A Closer Look: Internal Part 1
Removing the Mega mPC 945's outer shell is a simple task, all users have to do is loosen three thumbscrews and slide the cover off. The inner design has a clean organized layout, with the drive cage being the main removable component. Once removed, user gain access to the inner workings of the chassis. Removal of the drive cage is an obvious matter of lifting the integrated handle, which pivots the cage to a vertical position. Once fully extended, a small kickstand is located at the lower right to keep the cage in position. Underneath we find the hard drive and optical drive data and power cables, aligned perfectly in a plastic frame. Whether using the IDE or SATA II options, with the drives in place, the cabling falls into proper position without any effort.
When it comes to installing the drives, however, the function of the drive cage becomes a little less obvious, requiring a number of steps to disassemble properly. First, the plastic guide that keeps the data and power cables organized must be detached from the cage. Next, a locking mechanism above the hard drive frame must be slid to the left which unlocks the hard drive frame for removal, which is necessary to mount the optical drive. Once the hard drive frame is removed from the main cage, the underside of the optical drive frame is exposed, revealing the tool-less mechanism required to lock the drive in place.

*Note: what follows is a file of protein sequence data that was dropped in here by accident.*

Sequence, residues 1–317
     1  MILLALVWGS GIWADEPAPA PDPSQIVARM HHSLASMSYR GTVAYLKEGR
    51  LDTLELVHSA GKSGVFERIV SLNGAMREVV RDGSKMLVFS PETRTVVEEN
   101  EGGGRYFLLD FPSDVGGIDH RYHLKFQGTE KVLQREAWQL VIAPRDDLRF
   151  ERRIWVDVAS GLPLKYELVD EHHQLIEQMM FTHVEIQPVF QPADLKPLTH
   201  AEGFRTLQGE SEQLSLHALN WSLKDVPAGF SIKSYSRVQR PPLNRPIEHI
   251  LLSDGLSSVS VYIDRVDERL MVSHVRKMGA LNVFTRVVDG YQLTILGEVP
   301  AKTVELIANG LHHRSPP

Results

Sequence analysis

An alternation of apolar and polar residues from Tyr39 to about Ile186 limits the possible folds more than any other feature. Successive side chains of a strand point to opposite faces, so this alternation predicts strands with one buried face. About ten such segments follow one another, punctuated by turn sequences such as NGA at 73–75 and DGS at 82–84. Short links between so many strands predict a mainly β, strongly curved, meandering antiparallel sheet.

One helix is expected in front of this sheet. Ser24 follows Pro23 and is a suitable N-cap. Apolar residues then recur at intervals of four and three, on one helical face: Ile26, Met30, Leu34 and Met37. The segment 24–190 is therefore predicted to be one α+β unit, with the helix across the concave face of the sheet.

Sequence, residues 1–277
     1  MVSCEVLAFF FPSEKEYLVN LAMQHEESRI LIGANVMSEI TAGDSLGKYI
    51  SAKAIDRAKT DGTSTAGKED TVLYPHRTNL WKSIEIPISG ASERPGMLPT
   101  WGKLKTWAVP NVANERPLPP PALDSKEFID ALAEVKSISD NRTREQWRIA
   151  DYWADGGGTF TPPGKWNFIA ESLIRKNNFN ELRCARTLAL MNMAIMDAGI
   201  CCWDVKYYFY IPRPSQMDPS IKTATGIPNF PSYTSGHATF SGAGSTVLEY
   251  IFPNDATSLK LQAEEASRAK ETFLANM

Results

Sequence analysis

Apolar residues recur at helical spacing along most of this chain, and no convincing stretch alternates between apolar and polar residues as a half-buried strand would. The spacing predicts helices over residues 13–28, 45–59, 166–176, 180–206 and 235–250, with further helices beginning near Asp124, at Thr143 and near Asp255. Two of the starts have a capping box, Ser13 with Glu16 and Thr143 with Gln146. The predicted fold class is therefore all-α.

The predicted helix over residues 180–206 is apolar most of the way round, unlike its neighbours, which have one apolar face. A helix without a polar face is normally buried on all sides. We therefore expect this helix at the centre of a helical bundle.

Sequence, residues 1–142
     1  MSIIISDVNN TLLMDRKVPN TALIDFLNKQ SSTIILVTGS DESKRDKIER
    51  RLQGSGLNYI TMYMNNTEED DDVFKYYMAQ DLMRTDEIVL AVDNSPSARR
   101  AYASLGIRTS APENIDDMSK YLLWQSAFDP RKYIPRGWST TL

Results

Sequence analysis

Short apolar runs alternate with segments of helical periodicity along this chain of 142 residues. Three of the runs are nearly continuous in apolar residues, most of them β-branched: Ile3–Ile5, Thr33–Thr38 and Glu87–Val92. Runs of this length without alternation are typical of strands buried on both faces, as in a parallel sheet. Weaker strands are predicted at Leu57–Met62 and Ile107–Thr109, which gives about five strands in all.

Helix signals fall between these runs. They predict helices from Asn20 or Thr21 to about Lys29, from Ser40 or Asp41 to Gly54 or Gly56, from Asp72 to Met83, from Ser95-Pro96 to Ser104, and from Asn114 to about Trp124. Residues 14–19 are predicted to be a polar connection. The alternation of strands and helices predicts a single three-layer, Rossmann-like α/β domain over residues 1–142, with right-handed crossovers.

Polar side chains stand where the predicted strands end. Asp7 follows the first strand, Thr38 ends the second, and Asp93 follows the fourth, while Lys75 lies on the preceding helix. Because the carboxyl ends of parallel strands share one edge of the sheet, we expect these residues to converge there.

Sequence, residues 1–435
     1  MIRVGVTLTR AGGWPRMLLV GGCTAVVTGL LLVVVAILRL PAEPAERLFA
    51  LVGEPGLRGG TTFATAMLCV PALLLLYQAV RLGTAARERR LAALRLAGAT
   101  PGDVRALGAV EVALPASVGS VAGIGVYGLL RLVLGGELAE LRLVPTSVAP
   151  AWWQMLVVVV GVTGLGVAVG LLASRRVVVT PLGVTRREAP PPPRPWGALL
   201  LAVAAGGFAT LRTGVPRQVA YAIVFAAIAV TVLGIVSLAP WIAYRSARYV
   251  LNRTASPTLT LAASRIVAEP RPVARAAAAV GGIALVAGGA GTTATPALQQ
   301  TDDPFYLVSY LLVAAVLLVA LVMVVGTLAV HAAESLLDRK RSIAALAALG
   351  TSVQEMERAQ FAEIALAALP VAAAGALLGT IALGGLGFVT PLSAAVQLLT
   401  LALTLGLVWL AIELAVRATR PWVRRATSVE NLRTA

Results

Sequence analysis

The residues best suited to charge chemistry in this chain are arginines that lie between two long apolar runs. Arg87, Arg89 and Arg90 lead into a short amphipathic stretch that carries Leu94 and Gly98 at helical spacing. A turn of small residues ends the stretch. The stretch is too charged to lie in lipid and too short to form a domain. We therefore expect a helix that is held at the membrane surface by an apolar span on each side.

Unfortunately, the cage still must be removed as the optical drive can only be mounted from the front of the cage assembly. At this point, two white locks on the hinge portion of the drive assembly need to be lifted which release the drive cage assembly completely from the Mega mPC 945's chassis. Once removed, the optical drive can be slid into place and locked in. Next, the hard drive must be mounted in its own frame, locked into place, then reattached to the main cage. Next, the cage needs to be reattached to the chassis and locked into place followed by remounting the plastic cable guide.
Granted, the procedure of removing the drive cage and assembling the drives is clearly outlined in the user's manual, but nonetheless, the process was a bit more involved than we would have hoped. If the optical drive could be inserted from the rear, removal of the cage would not be required. Additionally, if nubs were provided on the edge of each respective drive assembly, the locking mechanisms would be accessible without needing to take the entire cage apart piece by piece. On the plus side, this was a completely tool-less design that didn't leave us scrambling for our handy four-way screwdriver.